Zoning Versus Designated Use
Many people do not understand that there is a difference between zoning and the designated use of a property.
When looking at buying a commercial property, one thing you want to look at is the Property Type listed by the jurisdiction that issues permits for the property. The easiest place to find that is on geodata.org.
Why does the Use matter if the property is in a commercial zone? Because each “Use” has specific requirements for parking, building construction, exits, fire code requirements and accessibility features. Not paying attention to the designated use of the property can end up costing you a lot of money. For example:
- A group of counselors buy a lovely home in the Professional Office/Residential Multifamily zone to be used by their practice. This use is allowed in this zone. However, the property is designated residential. The city required that the group go through the Change of Use process, which included constructing on-site parking, and making interior and exterior handicap access upgrades. The improvements end up costing as much as the house.
- A restaurant wants to move a couple blocks away to a larger location. This is permitted because of the zoning but the new site has never been used as a restaurant before so the city is requiring that the new location be brought up to current code for restaurant use. The building permit also required the payment of impact fees because of the increased activity to the new location.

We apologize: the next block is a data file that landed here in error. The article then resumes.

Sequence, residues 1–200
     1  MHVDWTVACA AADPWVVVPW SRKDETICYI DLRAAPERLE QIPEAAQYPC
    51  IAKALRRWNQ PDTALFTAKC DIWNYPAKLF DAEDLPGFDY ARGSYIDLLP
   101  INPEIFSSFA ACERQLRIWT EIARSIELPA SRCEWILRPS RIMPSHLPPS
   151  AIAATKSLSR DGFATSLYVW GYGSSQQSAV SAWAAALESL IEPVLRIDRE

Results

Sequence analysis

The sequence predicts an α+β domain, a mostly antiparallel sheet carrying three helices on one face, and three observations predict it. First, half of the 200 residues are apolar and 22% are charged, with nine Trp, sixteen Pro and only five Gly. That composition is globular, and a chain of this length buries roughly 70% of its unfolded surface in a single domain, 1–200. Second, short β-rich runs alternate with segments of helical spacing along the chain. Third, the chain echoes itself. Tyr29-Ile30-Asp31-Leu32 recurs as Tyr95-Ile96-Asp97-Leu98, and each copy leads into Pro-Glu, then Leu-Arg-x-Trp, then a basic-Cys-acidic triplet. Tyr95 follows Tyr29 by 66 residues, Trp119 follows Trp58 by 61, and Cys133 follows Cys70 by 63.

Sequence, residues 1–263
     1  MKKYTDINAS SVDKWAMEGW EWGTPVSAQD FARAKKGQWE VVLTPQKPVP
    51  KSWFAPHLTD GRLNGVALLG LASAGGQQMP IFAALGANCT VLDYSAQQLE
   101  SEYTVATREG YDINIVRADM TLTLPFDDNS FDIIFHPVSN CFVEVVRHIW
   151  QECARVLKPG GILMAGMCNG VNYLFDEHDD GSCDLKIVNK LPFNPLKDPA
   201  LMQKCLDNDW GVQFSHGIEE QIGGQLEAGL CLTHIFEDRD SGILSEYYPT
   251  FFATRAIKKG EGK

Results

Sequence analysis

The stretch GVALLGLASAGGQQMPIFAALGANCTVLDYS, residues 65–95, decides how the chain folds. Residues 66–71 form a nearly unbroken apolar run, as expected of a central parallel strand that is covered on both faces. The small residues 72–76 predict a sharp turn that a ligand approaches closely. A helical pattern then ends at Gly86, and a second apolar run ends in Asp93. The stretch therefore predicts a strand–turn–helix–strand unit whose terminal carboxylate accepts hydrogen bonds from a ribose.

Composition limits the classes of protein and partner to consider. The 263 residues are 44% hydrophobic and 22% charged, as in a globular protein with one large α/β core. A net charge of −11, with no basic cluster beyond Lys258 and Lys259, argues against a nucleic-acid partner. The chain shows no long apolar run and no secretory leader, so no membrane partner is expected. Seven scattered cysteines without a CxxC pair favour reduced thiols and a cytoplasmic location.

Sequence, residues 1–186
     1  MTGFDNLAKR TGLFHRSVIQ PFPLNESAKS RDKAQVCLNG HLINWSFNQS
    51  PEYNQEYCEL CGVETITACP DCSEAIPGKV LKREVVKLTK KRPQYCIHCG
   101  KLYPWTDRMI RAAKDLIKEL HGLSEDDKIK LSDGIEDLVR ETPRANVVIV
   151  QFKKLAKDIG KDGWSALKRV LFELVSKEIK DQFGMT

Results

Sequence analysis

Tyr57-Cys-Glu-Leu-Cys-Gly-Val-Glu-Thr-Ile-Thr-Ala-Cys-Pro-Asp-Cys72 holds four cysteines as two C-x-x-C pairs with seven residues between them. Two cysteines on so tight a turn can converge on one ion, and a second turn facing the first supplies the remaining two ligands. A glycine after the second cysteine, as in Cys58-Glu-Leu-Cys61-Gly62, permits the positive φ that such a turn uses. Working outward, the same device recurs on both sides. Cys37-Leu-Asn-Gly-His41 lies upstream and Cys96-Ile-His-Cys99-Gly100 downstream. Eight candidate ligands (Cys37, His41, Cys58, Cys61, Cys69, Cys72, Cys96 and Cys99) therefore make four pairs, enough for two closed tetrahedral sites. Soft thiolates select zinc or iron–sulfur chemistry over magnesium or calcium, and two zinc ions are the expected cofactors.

- An owner added a building to his light industrial land, which was designated Warehouse. He leased two-thirds of the building to a medical user. He was then notified by the permitting jurisdiction that he can’t use the rest of the building (except for storage) because he used all the occupancy and parking for this non-light industrial user. The site was not designed or approved for high occupancy use during the building permit process.
Working with a good commercial broker can help you understand zoning and Change of Use factors that will affect which property makes the most sense for your business or investment.
Submitted by Carolyn Graden